A groundbreaking new paid family leave law went into effect in California on July 1, making it easier for employees to spend time with new infants or to care for ailing relatives. The family leave law provides employees with up to 55 percent of their regular pay for up to six weeks of leave time. This law, a first in this country in terms of national social policy, will cover 13 million Californians, or nearly one-tenth of the American workforce. The United States is one of only five countries that does not offer paid leave for new mothers, out of a study of 169 countries done by the Harvard School of Public Health (HSPH), according to The Washington Times.
At least 300,000 employees will take advantage of the new work benefits this upcoming year, and the vast majority of the 2,000 people who have already applied to the paid family leave program will be doing so to care for a newborn, according to the Oakland Tribune. Proponents of the law applaud the measure for acknowledging the changing face of the nuclear family, including increasing numbers of single-parent homes. “Mom isn’t home baking chocolate chip cookies waiting for the school bus to come home anymore. Workplaces have to reflect the lives we live,” said Netsy Firestein, director of the Labor Project for Working Families at University of California, Berkeley, according to the Oakland Tribune. The HSPH study emphasizes the health benefits that both newborns and new mothers experience when at least one parent is able to take some leave from work.
Paid leave is funded through a 0.08 percent payroll tax that amounts to a mere $4 a month on average, according to the Los Angeles Times. While the tax brings in about $129.3 million, the paid family leave program is estimated to cost between $300 million to $400 million per year. The paid leave program, however, neglects to provide job protection and return rights for employees who elect to take leave, the Oakland Tribune reports. Additionally, although California employees have been paying taxes toward this law since the beginning of January, only 22 percent of Californians were even aware that the law existed. Women of child-bearing age were among the most likely not to know about the new law, according to Ruth Milkman, director of the University of California-Los Angeles Institute of Industrial Relations, according to KaiserNetwork.org.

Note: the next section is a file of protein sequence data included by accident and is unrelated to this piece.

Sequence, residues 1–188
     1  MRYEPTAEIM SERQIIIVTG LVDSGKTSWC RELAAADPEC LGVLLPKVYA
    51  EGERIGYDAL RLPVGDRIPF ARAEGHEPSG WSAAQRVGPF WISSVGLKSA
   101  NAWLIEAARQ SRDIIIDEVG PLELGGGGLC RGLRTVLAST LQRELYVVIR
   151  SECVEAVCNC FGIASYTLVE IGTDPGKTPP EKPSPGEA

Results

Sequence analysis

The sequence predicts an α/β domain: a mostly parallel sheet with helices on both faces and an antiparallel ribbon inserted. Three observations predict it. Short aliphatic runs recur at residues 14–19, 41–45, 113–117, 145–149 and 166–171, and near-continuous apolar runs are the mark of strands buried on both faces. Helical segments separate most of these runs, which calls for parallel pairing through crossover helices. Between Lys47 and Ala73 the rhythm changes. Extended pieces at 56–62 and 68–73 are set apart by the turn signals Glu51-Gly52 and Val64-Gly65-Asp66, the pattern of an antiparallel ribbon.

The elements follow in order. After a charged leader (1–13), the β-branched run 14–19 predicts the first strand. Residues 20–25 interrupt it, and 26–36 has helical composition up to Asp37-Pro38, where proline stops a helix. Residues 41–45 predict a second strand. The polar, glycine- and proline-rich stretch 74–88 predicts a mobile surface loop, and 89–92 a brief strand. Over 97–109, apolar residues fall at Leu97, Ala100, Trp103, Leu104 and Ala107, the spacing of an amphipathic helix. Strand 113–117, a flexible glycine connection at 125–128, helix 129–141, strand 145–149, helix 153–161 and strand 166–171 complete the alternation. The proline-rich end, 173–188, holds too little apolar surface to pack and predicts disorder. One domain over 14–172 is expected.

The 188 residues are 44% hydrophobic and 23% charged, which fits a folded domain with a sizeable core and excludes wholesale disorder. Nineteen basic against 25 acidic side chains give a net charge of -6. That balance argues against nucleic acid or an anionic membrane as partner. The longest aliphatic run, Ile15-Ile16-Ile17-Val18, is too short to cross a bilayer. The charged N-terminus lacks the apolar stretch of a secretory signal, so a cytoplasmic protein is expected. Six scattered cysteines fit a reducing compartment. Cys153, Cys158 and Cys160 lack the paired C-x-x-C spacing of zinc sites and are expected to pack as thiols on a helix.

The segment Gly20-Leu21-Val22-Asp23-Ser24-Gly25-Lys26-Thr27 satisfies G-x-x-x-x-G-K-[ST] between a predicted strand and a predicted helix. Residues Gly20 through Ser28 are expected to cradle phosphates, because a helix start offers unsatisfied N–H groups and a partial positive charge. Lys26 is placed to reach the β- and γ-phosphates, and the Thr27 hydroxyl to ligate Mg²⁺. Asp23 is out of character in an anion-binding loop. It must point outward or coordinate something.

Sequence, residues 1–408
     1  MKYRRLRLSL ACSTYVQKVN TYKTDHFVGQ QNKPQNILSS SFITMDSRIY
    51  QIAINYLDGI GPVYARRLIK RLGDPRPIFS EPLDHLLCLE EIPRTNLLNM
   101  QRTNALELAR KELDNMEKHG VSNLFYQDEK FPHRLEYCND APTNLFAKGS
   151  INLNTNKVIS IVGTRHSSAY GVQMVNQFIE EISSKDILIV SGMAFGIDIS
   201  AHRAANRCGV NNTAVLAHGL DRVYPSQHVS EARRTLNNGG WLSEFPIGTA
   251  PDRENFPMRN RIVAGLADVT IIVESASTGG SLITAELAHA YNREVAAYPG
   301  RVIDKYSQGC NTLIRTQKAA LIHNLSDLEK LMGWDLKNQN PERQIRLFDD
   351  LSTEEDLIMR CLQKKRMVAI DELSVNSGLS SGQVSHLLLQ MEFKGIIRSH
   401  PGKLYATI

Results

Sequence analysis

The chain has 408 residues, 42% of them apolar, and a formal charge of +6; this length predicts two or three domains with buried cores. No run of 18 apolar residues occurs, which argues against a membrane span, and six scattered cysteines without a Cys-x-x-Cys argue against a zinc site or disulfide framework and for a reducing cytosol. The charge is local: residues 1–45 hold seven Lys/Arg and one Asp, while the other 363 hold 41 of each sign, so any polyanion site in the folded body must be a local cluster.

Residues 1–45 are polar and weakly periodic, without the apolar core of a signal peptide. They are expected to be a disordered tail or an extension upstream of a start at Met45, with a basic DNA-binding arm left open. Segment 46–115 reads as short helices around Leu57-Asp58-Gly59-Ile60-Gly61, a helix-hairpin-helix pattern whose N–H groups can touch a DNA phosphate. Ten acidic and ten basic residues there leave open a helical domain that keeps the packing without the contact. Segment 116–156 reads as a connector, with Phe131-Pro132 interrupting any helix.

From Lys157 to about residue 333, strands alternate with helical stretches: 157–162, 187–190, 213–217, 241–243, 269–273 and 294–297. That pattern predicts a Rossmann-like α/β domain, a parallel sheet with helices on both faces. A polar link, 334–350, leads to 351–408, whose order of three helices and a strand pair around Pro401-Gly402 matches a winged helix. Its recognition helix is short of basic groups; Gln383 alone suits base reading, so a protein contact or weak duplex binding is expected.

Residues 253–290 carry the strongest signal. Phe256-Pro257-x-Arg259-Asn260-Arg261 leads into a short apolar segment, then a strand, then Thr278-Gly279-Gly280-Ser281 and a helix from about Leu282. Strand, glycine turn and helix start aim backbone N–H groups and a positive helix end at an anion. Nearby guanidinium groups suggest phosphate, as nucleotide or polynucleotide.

8/28/2015 Alaska Court Protects Abortion Access for Low-Income Women - The Alaska Superior Court struck down a state law yesterday that would have severely limited abortion access for low-income women in Alaska.
The state's Superior Court also struck down a Department of Health and Social Services regulation that placed narrow specifications on Medicaid coverage for abortions, requiring that Medicaid-funded abortions be determined by a physician to be "medically necessary." Last year, the Center for Reproductive Rights, the American Civil Liberties Union, and Planned Parenthood sued on behalf of the Planned Parenthood of the Great Northwest, claiming that the narrow definition of "medically necessary" arbitrarily established conditions designed to restrict the ability of low-income women to access abortion services.
The law was temporarily blocked last July by an Alaskan state court judge.
Superior Court Judge John Suddock ordered yesterday that the state be blocked from implementing this regulation, ruling that it placed an undue burden on low-income women seeking abortion services in Alaska.
"By providing health care to all poor Alaskans except women who need abortions, the challenged regulation violates the state constitutional guarantee of 'equal rights, opportunities, and protection under the law'," the ruling read.
"We applaud the superior court for striing down these cruel restrictions on women's health and rights that violate the Alaska Constitution," said Chris Charbonneau, CEO of Planned Parenthood of the Great Northwest and the Hawaiian Islands. . . .
8/26/2015 Saudi Women Prepare to Vote for the First Time - The fight for gender equality is making slow but notable progress in Saudi Arabia, where women will be allowed to vote for the first time in upcoming December elections.
This shift in Saudi law came in 2011, when a royal decree announced that women would be allowed to vote and run in local elections beginning in December of 2015. . . .